In a four-part series, this article looks at the history of Iran’s venture capitals, its legal framework and related issues. The following is the third part of this series.


Venture Capitals in Iran’s Legal System – Part 1

Venture Capitals in Iran’s Legal System – Part 2

This Article has been written for TechRasa for educational purposes. Using this Article partly or wholly is allowed by referring to TechRasa website.

Article number 100 of the third Development Plan created the first generation of venture capitals Iran. This Development Plan was a temporary Act expired in 2005. After this Act, there were no favorable rules for the establishment of a venture capital.

The second generation of venture capitals came into existence in 2015 by an amendment adopted by the Parliament which added an article to the Knowledge-Based Companies’ Act. This added article is the same as the article number 100 of the Third Development Plan. These two generations have some differences.

The First Generation vs. The Second Generation

The differences between the first generation and the second generation are in two areas: 1- The resources. 2- The scope of activities.

1- The first generation could use budget allocation in the annual national budget. In the second generation, the resources are more market-based. The Fund’s resources have been determined in article number 6 of the Regulation:

  • Article number 6- financial resources for Funds are:
    • Governmental grant or governmental participation.
    • Investments and grants and facilities from banks and financial institutions. 
    • Investments and aids from individuals and legal entities, governmental and non-governmental companies, public and private institutions, municipalities and their affiliate and subsidiary companies.
    • Investments and aids from scientific, technological, and research centers, universities, R&D units, guilds, and individual researchers.
    • Profits that the Fund earns from investments and interests from deposits in banks and financial institutions.
    • Funds deposited to executive organizations.
    • Innovation Fund’s resources in the form of facility and partnership.
    • Absorbable resources through Stock Market instruments.

2- As I mentioned earlier, the first generation of venture capitals had a clear definition of their activities which was stated in article number 7 of their Regulation. The second generation doesn’t have this article; the Regulation for these Funds doesn’t specify their activities. Also, in the first generation, each Fund had a specialty. In the second generation there is no mention of the specialist Funds which means a Fund can work in more than one field of research and innovation programs.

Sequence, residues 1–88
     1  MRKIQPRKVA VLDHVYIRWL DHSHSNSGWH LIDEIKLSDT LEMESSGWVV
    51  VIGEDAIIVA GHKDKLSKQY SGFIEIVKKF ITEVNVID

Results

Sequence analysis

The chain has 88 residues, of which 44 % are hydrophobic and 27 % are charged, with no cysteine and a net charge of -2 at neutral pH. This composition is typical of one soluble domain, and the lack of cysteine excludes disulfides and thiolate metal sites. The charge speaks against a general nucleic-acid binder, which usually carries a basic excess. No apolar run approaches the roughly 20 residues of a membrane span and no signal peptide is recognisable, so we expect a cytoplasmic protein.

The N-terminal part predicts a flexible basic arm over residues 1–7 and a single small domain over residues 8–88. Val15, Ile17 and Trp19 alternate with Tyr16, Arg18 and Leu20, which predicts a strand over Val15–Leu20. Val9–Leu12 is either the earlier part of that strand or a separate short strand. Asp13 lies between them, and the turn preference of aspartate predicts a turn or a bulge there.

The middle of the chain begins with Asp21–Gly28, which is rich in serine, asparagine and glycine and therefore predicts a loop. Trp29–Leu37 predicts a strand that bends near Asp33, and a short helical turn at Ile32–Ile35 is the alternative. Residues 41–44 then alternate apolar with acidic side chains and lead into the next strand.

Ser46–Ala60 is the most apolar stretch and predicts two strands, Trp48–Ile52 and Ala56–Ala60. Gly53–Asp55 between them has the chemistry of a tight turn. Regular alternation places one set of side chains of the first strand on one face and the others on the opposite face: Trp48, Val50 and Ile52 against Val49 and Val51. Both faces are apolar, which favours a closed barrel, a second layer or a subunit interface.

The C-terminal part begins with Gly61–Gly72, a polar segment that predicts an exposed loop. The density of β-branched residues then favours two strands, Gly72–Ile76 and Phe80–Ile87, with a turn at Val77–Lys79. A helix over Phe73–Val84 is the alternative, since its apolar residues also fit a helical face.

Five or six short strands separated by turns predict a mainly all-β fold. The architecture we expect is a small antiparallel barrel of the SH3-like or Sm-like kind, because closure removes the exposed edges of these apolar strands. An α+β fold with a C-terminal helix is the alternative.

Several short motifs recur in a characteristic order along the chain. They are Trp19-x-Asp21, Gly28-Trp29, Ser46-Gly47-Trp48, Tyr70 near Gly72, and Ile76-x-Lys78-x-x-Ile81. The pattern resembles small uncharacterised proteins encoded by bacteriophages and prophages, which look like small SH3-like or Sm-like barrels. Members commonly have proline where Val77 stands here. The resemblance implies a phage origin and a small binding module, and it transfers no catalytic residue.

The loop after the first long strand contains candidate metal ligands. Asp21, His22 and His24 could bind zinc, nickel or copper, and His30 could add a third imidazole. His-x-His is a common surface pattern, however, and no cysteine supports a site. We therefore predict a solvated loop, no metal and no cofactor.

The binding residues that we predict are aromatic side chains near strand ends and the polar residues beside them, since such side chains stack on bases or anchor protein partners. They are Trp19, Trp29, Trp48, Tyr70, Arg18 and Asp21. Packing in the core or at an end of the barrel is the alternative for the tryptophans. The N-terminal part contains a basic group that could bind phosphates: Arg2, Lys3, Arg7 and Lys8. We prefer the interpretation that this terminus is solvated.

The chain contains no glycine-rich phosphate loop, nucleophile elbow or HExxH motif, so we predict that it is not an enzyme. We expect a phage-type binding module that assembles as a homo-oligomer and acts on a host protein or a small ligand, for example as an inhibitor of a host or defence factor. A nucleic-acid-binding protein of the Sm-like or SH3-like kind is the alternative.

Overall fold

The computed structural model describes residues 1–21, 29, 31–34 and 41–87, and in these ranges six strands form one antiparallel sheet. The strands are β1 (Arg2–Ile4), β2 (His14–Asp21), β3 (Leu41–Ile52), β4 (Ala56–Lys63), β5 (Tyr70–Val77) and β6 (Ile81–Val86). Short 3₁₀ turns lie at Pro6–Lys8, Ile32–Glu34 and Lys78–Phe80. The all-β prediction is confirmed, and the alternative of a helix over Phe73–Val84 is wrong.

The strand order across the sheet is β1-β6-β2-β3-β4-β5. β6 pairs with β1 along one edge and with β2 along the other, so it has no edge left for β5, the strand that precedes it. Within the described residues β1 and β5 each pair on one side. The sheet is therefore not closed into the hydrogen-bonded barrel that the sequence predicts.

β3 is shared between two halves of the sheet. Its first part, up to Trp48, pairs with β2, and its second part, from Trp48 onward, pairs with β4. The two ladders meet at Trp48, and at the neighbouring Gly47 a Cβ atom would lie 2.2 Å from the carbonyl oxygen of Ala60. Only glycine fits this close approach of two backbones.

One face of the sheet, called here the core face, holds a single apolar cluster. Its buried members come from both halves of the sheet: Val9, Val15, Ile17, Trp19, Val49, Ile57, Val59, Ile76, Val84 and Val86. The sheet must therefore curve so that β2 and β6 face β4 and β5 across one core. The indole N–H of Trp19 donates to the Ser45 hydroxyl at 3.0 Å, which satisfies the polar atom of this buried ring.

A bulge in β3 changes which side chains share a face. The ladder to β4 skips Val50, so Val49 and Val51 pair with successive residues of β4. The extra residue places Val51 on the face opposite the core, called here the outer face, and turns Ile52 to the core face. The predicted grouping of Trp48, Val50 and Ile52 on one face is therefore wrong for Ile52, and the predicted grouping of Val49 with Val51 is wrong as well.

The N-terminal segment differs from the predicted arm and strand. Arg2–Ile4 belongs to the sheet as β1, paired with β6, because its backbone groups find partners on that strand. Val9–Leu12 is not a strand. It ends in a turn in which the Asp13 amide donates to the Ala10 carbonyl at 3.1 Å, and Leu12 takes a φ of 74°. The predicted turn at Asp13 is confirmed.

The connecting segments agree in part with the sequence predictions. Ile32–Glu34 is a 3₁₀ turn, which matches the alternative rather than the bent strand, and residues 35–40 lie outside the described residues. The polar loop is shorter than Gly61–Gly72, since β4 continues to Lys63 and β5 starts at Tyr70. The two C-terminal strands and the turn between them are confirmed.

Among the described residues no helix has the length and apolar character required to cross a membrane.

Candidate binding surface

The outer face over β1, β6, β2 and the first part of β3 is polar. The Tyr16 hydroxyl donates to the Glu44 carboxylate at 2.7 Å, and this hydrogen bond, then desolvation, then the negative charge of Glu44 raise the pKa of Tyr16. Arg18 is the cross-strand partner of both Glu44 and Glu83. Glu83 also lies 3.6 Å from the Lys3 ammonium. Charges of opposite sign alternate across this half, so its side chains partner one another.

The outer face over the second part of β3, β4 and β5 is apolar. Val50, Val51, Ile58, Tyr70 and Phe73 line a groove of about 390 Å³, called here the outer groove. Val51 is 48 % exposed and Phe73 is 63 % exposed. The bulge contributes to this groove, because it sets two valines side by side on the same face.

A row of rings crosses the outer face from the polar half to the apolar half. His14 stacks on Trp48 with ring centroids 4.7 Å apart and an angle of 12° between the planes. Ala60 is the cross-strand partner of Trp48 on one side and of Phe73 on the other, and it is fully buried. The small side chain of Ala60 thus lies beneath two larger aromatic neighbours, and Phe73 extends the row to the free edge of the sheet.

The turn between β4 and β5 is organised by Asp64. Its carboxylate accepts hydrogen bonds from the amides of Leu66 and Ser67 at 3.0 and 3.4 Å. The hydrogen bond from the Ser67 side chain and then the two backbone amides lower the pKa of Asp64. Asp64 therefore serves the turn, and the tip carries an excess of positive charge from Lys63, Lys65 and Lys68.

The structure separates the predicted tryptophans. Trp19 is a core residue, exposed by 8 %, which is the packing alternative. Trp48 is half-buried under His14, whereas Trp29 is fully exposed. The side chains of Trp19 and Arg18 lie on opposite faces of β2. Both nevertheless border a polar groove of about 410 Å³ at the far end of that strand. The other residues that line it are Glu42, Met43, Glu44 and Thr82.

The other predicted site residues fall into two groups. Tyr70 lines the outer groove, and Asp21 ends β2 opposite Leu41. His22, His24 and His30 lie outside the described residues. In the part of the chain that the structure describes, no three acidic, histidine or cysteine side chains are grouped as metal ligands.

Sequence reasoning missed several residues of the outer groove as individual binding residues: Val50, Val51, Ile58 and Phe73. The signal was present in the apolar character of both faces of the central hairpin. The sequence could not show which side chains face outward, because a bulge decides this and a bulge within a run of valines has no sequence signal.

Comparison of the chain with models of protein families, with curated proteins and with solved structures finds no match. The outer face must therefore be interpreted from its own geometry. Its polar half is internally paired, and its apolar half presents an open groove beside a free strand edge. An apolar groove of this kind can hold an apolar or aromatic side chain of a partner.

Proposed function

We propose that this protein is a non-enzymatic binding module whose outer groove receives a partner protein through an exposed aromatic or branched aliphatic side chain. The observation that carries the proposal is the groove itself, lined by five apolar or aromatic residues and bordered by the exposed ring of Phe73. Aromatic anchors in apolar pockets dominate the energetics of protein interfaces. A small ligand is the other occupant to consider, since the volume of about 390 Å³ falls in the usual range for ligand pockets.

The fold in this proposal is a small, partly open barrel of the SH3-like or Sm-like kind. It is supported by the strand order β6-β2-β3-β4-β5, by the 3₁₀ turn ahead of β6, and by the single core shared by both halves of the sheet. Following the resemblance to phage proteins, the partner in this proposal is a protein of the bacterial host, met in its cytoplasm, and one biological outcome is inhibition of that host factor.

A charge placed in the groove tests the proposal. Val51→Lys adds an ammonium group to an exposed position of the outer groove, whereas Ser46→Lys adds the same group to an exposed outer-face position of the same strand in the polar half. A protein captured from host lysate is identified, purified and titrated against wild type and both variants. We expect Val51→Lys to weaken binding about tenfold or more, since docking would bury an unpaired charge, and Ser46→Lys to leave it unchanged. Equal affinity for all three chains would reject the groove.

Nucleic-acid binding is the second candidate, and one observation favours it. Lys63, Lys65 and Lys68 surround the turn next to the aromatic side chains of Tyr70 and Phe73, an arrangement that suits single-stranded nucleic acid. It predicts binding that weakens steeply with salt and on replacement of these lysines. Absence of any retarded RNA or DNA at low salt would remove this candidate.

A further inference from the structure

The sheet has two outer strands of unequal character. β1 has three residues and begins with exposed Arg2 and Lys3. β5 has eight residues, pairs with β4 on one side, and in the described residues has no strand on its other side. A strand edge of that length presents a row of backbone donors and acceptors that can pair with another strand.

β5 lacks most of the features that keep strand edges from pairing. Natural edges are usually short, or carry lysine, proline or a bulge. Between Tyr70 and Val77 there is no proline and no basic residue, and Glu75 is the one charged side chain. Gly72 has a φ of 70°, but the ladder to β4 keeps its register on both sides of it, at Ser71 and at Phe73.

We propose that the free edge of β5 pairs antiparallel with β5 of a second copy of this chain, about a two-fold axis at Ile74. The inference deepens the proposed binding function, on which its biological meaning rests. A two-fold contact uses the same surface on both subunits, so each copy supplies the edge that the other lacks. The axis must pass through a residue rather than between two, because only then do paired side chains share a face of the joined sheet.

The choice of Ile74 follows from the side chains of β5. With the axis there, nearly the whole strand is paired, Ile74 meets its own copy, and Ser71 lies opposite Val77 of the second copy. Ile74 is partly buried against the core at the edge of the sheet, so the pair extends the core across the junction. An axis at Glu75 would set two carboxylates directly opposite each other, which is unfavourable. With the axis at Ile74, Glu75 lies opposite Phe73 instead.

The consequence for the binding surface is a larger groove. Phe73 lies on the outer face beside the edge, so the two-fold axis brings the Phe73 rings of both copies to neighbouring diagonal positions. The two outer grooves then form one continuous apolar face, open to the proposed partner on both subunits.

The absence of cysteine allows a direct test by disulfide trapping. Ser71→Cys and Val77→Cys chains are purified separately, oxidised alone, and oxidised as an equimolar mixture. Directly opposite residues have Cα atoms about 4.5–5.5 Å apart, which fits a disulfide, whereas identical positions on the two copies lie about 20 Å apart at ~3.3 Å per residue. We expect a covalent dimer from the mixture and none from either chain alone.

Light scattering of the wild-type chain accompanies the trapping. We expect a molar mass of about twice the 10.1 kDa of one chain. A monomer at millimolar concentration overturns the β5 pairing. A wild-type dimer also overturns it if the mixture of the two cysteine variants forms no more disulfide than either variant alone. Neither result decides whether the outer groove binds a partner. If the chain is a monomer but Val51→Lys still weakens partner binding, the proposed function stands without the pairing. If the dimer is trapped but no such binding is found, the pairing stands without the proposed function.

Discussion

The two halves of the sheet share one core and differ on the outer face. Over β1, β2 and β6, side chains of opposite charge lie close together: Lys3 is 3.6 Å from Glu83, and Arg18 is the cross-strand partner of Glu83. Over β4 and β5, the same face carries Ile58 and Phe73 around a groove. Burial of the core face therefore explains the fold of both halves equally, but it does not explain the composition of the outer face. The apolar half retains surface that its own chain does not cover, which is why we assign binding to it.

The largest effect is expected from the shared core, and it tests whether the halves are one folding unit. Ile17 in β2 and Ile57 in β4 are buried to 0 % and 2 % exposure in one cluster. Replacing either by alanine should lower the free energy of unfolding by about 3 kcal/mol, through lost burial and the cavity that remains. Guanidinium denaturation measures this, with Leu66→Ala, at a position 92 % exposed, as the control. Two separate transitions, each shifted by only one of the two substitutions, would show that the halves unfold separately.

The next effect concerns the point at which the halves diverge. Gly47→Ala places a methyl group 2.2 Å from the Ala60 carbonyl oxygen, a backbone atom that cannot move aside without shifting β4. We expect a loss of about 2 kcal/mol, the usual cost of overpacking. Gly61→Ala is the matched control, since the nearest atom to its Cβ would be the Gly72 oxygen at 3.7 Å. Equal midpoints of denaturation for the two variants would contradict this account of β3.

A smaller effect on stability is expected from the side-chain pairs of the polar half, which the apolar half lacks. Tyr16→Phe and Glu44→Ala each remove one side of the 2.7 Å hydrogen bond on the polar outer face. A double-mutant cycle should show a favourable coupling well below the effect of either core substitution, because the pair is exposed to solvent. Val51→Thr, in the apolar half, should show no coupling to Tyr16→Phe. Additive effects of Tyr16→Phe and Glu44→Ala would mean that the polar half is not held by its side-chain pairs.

In order to reach a practical conclusion I will summarize the important points.

The Summary 

  • The first generation of venture capitals in the startup market was created in 2000. 
  • The first generation came into existence by a temporary Act. Since the duration for this Act expired, it is not possible to establish such venture capitals now.
  • This generation benefited from vast financial aids from the government. They even have a special budget allocation in the national annual Budget Act.
  • Besides their special budget, they can also use financial supports from related governmental organizations.
  • The second generation doesn’t have an allocated annual budget, however the government and the executive organizations can provide financial aids and facilities for them. 
    • Executive organizations are those that are related to the executive branch including governmental companies and non-governmental public institutions. By this definition, the “government” means the other two branches of governance.
  • The second generation has more freedom of action. Their Act and Regulation doesn’t determine the scope of activities which means they can finance any type of startups they find profitable. Besides this statement, there is still an important argument in their freedom of action, which I will explain in the next part.
  • Legalities and Illegalities:
    • The Act that created the first generation didn’t put any limitation on the scope of activities. i.e. they were not bound to serve “Technology Companies” or as it was called later the Knowledge-Based Companies. The Regulation for the Implementation of the Act took the liberty to change the scope of the original Act.
    • The second generation came into existence via an amendment adopted by the Parliament which added an article to the Knowledge-Based Companies’ Act. This type of legislation means that the second generation VCs are relevant to the Knowledge-Based Companies. Again, the Regulation took the liberty to change the scope of the original Act.
    • The sequence of Acts was to create a pattern like this:
      • First, encourage venture capitals to take action in the whole startup ecosystem;
      • Second, provide extra support for “Technology Companies”.
    • The sequence of Regulations created an upside-down pattern merely because of illegal changes in the original Acts. 
    • In the sequence of Acts, the Innovation Fund also makes sense. Using this Fund, you can aim that sector of the market that needs extra attention while the rest of the market is under control by the first generation of venture capitals. Due to illegal changes that happened in the Regulations, this Fund overlapped with the first generation of venture capitals.

To Be Continued.

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